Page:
44 | Stuffed Animals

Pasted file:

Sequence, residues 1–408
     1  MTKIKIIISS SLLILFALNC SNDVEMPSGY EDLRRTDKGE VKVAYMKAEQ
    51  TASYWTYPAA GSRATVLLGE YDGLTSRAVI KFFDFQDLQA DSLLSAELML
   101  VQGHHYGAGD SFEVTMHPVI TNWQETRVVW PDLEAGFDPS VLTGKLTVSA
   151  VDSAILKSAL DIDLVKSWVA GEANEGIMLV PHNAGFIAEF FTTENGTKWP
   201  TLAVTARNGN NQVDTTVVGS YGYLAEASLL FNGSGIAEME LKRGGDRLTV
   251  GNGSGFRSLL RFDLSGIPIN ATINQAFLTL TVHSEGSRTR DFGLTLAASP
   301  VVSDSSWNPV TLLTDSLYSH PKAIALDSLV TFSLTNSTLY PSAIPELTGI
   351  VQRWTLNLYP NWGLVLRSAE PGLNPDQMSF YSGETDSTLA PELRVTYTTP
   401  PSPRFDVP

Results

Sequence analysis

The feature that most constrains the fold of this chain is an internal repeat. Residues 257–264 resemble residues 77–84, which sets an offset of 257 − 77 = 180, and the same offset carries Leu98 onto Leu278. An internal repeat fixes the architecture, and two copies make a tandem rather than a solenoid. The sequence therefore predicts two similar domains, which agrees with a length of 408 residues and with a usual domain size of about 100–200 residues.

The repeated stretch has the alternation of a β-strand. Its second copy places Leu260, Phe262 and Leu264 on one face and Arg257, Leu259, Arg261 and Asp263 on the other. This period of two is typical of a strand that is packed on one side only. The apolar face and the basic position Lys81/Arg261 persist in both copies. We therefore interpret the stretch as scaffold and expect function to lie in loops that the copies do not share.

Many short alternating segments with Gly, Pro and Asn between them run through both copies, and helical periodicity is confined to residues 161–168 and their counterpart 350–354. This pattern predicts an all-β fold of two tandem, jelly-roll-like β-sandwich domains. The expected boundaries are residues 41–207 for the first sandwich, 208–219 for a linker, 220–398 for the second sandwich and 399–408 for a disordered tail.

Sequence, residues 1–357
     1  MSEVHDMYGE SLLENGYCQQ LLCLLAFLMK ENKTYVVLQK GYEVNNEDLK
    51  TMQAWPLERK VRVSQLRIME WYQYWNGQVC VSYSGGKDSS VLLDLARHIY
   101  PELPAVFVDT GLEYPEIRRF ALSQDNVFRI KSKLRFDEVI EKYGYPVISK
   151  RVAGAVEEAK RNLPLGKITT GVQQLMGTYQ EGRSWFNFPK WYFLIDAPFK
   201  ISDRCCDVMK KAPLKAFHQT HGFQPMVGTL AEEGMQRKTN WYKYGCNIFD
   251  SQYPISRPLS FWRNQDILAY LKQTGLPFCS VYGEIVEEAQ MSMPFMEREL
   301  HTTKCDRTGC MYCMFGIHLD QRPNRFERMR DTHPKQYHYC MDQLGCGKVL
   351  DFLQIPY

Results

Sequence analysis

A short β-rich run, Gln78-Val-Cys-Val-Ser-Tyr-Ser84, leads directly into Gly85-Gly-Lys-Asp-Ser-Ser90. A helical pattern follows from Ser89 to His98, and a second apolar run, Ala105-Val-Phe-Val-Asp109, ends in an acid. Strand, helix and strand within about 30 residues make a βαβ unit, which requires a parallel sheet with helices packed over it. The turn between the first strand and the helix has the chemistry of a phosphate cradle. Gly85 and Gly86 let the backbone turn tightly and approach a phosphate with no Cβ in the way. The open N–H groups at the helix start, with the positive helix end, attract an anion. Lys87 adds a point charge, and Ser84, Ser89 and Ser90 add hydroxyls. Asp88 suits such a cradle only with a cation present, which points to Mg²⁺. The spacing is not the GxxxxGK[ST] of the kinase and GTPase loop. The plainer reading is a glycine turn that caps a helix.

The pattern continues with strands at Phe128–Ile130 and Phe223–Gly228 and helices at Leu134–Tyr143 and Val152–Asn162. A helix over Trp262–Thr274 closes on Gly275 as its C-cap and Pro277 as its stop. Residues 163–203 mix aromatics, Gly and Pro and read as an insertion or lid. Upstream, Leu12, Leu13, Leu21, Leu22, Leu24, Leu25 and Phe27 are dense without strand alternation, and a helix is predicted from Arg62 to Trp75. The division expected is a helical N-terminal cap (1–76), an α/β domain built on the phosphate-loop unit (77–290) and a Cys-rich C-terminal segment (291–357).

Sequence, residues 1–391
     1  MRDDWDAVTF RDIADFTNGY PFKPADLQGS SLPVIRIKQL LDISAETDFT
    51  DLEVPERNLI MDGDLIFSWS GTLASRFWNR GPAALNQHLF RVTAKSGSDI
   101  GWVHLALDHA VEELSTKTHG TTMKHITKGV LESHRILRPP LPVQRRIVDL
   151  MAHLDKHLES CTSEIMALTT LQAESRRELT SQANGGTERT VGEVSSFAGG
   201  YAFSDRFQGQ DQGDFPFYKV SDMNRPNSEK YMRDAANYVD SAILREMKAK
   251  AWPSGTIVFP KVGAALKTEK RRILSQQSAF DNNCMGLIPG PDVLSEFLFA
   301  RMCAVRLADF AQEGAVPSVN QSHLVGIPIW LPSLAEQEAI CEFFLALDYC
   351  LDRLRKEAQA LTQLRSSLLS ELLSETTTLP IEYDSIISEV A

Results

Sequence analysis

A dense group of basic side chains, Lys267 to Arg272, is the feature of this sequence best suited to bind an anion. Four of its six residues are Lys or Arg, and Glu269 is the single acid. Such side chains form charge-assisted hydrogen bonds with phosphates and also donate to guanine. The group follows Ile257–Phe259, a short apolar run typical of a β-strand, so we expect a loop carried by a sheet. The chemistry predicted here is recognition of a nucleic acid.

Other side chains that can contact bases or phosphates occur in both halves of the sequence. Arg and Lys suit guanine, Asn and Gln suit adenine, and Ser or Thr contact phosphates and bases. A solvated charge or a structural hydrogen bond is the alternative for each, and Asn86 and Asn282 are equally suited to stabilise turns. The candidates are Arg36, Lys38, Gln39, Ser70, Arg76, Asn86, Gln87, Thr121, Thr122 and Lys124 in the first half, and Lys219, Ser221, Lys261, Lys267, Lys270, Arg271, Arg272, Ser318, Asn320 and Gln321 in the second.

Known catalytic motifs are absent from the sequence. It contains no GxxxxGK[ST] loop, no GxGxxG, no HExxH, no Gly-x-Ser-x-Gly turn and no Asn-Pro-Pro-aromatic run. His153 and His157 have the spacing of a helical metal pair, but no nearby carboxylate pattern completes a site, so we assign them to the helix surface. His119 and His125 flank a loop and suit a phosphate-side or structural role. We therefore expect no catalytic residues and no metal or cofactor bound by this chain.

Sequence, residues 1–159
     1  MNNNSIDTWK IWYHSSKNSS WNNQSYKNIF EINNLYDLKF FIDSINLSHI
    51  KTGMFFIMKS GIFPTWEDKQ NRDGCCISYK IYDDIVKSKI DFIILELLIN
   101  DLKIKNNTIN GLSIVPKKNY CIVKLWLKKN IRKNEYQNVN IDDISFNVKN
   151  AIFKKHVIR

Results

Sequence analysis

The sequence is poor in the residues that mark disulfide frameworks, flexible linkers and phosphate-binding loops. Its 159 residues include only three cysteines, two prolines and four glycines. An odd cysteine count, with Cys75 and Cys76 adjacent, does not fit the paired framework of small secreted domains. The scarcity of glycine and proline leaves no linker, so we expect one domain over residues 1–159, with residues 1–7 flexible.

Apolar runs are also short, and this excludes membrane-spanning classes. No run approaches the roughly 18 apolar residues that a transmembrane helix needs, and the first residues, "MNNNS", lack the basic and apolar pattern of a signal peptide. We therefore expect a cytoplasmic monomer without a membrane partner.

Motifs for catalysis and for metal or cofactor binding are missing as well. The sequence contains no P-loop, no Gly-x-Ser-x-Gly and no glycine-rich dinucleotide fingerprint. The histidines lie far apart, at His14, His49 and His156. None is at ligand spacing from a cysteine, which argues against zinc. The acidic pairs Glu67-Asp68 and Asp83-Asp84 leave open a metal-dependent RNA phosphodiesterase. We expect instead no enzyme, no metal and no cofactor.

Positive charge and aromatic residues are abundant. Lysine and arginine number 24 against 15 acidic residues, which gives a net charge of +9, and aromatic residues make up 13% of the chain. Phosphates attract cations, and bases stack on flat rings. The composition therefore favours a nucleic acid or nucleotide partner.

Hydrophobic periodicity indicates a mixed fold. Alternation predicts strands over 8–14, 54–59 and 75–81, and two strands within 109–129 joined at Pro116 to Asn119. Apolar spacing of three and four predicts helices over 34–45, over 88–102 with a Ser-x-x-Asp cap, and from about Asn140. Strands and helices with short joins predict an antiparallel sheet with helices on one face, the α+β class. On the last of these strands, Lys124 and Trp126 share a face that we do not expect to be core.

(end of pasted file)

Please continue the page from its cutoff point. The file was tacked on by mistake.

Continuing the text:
photographs. There she was as a high school cheerleader, graduating, dancing with Dad, who we understand was a very good dancer. She smiled then. We had forgotten that Marla smiled. She took Fred out the front door and over to the grass. “What are you doing?” we asked Marla. She put Fred down on the lawn and turned her back on him, told him she never wanted to see him again. He sniffed, stared at us, little red eyes like jewels. When he wouldn’t leave, Marla forced us inside, forced us away from the slider. “He’ll die!” we screeched, but she didn’t care. She swiveled her hips, switched her tail at us. Later, when Marla wasn’t looking, we went back out to get Fred. He was still there, shaky and conspicuously white in the lawn. We took him inside and put him back in his ball. But when we came to check on him later, he was gone again. Marla and the man are ahead of us on the penguin walk, his tail wrapped around hers, two pipe cleaners twisted together. Otherwise, they don’t touch or talk. As we trudge up the narrow corridor of artificial snow, we wish we had tails too, but Carl and Kyle wouldn’t go for that. Carl shows us his wrist screen. On it a baby kicks and coos. Carl says it’s his son, a project at school. We ignore him, watching the penguins waddle, their little wings or fins or wing-fins out to their sides. We sidle up next to one, but it just goes on waddling as if we’re not there. “Don’t get too close,” our guide commands. “There’s a reason penguins are still thriving. They have to overcome great obstacles to have babies. Sure, we’ve made it easier here at the zoo, but love is never easy.” We tell him, “Love is the easiest thing in the world,” and look for Marla. She has stepped off the snowy corridor, doubling back toward the bear’s lair with the man. There’s a terrible sound coming from Carl’s wrist screen. He rolls his eyes and makes like he’s holding a phantom baby in his arms, rocking it back and forth and humming until the terrible sound goes away. As he rocks, Carl says, “My baby is in need of a mother. Know anyone who’s interested?” We cringe and explode with laughter. One of the penguins makes a crazy yipping sound and keels over in a jerky fit. A purple-brown cloud collects around it like a smoke screen. “Cool!” Carl and Kyle say, angling their wrist screens and going vidmode as we run to it, stroke its slick black and white body, still now, nearly so. We expect it to be icy cold, but it’s not. It’s so hot it burns our hands. “What’s wrong with it?” we ask our guide. “Don’t be discouraged, girls. There are real penguins. We even have our very own breeding lab right here.” He sweeps an arm toward the facility attached to the bear’s lair. “We’re growing a whole flock of babies that we keep safe in a room all their own. We at Columbine Springs Zoological Garden love the penguins and want desperately for them to survive.”